"Did it hurt me? Hell, yeah," Taylor said Monday on "The Jim Rome Show."
"Does it still hurt? Yeah, it hurts, but hopefully I can go in and bounce back this year, do what I need to on the field, and we will see what happens after."
Taylor, who is entering the final year of his contract, spoke out for the first time about the pay cut that cost him $4.25 million to remain with the organization that drafted him in 2003. During organized team activities and minicamp, he had not expressed any dissatisfaction with having his base salary reduced from $7 million to $2.75 million. That changed, however, when he went on Rome's nationally syndicated show.
"I'm (ticked) off about it, still am (ticked) off about it, and I'm going to be (ticked) off until the end of the season about it," said Taylor, who along with safety Troy Polamalu is the longest-tenured player on the Steelers. "It's like you get to a point: 'Why me?' Like, I didn't show my loyalty? You want to talk about a guy who's going to come in in-shape, not waiting to build up into shape when he gets to camp.
"Or you want to talk about a guy who's unselfish and puts his team before his family and friends, you want to talk about a guy who has loyalty -- yeah, it's me. When you come to me and ask me for a pay cut, I'm like, 'Damn, out of all these people, you want to ask Ike?' "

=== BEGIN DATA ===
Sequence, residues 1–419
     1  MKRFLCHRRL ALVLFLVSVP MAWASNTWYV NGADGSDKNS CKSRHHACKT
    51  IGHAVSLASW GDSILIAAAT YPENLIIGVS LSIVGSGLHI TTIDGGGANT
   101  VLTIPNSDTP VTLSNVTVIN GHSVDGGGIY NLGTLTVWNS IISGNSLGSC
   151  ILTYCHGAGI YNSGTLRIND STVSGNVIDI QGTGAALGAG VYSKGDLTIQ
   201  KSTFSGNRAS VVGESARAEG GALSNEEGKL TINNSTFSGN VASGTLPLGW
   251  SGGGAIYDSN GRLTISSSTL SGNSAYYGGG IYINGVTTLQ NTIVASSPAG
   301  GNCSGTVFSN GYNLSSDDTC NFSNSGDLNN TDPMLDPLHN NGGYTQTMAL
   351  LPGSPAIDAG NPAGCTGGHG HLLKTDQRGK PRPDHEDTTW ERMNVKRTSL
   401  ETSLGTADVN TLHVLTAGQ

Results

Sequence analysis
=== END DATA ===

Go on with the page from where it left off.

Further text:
Taylor started all 16 games last season and recorded 63 tackles and broke up 12 passes. But his play slipped in 2013, and teams had enough success throwing at Taylor that by late in the season the Steelers had stopped moving the 6-foot-2, 195-pounder around so he could cover the opponents' No. 1 wide receiver.
The Steelers reduced Taylor's salary while they were working to clear room under the salary cap. He attended only a handful of the OTA practices, but that didn't raise any eyebrows since they were voluntary.
He went public with his frustration over his contract situation less than a month before the Steelers report to training camp.
Taylor said he ultimately agreed to a cut because he didn't want to continue his career elsewhere.
"By the end of the day I didn't want to leave Pittsburgh," Taylor said. "Point-blank, period."